New Jersey does not have a backlog for processing rape kits at state forensic labs, but almost half of the kits collected over a four-year period were not tested and most New Jersey law-enforcement agencies have no written policies governing how they are handled, the state auditor found.
The report by State Auditor Stephen Eels recommends requiring all counties institute formal, written policies for handling the Sexual Assault Forensic Examination (or SAFE) Kits. It also recommends that the state Attorney General’s office implement a statewide tracking system for all kits, which include the collection of samples of saliva, semen, blood, hair and other evidence that could link a perpetrator to an assault.
These suggestions are especially important to implement now, say advocates for survivors of sexual assault, because of concerns that some untested kits that have been stored by law-enforcement agencies could be discarded at any time.
The state began mandating on July 10, 2014 that kits be retained for five years, and it’s unclear what will happen to kits taken then. Some victims may have asked to be notified before a kit is discarded and the audit found that none of 250 local law-enforcement agencies surveyed has written procedures for destroying tested and untested kits.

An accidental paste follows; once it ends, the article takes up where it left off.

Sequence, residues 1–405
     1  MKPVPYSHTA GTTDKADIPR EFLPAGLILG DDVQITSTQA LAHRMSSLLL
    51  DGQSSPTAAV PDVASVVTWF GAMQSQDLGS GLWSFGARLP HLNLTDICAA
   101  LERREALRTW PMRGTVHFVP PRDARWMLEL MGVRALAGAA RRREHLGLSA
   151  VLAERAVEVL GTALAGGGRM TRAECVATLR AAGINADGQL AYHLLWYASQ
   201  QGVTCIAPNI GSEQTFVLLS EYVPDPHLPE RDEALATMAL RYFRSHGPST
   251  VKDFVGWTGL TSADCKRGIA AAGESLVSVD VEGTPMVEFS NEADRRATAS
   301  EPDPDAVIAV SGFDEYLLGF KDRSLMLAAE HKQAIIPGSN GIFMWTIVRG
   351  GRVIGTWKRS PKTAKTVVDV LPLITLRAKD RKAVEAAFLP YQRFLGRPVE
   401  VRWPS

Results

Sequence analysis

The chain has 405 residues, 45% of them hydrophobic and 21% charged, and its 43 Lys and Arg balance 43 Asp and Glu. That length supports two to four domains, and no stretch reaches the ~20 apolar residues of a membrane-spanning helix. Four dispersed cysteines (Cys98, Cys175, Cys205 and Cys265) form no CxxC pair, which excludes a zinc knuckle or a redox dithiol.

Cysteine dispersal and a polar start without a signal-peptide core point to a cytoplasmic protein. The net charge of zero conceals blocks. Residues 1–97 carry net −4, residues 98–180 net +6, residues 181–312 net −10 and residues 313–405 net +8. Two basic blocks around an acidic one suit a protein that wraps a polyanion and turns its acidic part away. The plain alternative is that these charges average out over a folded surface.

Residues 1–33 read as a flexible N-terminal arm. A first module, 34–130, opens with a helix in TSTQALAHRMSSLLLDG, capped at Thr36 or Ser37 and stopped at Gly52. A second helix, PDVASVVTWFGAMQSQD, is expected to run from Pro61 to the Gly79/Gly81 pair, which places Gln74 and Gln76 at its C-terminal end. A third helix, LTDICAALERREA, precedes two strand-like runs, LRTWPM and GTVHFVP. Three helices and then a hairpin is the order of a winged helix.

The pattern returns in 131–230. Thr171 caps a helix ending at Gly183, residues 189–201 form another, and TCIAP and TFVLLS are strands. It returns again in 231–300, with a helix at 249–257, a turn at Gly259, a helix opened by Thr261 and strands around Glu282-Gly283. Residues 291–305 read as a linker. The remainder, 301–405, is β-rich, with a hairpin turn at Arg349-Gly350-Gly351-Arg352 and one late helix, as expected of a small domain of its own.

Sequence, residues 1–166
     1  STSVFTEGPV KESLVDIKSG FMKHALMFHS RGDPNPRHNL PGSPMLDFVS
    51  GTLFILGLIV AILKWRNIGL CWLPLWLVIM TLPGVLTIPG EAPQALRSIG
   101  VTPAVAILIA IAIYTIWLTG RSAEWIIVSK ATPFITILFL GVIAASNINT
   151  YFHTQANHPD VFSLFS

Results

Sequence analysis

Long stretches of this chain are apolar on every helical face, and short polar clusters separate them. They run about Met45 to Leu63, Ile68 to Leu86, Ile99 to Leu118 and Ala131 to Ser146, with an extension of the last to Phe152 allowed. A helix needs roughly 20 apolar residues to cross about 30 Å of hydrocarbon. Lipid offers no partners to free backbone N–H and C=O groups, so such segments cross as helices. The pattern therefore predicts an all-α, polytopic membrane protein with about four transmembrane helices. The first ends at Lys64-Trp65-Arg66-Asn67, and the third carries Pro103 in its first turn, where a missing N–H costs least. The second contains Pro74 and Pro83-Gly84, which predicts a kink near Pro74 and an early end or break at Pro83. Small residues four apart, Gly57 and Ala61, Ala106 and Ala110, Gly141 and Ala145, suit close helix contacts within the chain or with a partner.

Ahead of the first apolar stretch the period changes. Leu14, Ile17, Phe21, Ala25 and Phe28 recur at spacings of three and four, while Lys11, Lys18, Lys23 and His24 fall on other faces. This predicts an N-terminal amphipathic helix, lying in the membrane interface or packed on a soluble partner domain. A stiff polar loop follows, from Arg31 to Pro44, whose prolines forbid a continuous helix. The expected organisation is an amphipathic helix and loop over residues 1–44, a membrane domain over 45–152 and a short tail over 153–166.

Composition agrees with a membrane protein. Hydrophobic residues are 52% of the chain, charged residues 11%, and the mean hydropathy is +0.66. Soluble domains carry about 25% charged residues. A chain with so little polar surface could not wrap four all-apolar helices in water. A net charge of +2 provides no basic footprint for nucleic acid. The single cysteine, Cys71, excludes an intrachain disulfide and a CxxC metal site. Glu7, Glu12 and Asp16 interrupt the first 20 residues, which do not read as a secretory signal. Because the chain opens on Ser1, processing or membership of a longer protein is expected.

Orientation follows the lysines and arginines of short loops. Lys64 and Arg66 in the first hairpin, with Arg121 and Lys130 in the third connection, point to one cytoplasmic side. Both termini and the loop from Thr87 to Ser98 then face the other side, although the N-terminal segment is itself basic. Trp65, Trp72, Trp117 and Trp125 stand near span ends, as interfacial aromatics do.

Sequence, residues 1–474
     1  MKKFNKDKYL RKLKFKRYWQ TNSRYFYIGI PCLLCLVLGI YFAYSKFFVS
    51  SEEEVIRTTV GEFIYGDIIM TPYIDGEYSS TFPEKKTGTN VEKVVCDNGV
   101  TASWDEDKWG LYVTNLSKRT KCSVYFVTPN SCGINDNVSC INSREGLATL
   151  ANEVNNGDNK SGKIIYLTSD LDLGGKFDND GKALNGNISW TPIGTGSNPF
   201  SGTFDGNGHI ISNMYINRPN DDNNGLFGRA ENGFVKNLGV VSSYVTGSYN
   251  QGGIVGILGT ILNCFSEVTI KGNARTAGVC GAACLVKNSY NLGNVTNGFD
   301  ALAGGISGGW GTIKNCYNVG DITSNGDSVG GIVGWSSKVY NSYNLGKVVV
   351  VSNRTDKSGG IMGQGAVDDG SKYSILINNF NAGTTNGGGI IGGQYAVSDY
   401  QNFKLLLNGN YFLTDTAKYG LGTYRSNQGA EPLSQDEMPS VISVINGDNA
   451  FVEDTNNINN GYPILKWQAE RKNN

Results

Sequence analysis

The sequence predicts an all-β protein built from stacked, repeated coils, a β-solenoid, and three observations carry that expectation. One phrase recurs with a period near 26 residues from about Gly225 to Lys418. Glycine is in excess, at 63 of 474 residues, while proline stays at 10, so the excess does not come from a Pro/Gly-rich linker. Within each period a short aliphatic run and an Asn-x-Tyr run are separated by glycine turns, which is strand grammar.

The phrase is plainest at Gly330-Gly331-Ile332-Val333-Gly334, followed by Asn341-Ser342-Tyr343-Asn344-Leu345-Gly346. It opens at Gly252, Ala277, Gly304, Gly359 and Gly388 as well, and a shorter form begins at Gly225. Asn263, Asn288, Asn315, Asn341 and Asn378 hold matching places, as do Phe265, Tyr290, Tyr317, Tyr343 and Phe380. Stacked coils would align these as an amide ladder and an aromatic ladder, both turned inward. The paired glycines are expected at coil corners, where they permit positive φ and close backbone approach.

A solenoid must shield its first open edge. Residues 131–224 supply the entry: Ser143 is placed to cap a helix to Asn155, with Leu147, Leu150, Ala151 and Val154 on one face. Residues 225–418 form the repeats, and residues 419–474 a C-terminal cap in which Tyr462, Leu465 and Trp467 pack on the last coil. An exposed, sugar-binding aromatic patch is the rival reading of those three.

Patricia Teffenhart, executive director of the New Jersey Coalition Against Sexual Assault, said the expiration of the five-year hold on those first kits has provided the impetus to make discussions about the treatment of the kits a priority.
Teffenhart said a victim might have a change of heart, noting that the kits are collected within five days of an assault and trauma can make it difficult to make a decision about pressing charges. “With increased time, we also might have more survivors willing to come forward,” she added. “That’s why this is all so incredibly important.”
‘Good baseline data’
She welcomed the results of the audit report to help inform these and other decisions.
“We have really good baseline data that we didn’t have before,” Teffenhart said. “What the audit did was give us an opportunity to raise additional questions.”
With reports of backlogs of thousands of rape kits elsewhere across the country, New Jersey lawmakers passed unopposed a bill requiring the Attorney General’s office to do a survey of untested SAFE Kits. That bill is now on the governor’s desk, though it’s unclear what Gov. Phil Murphy might do, given the audit report appears to have already accomplished this.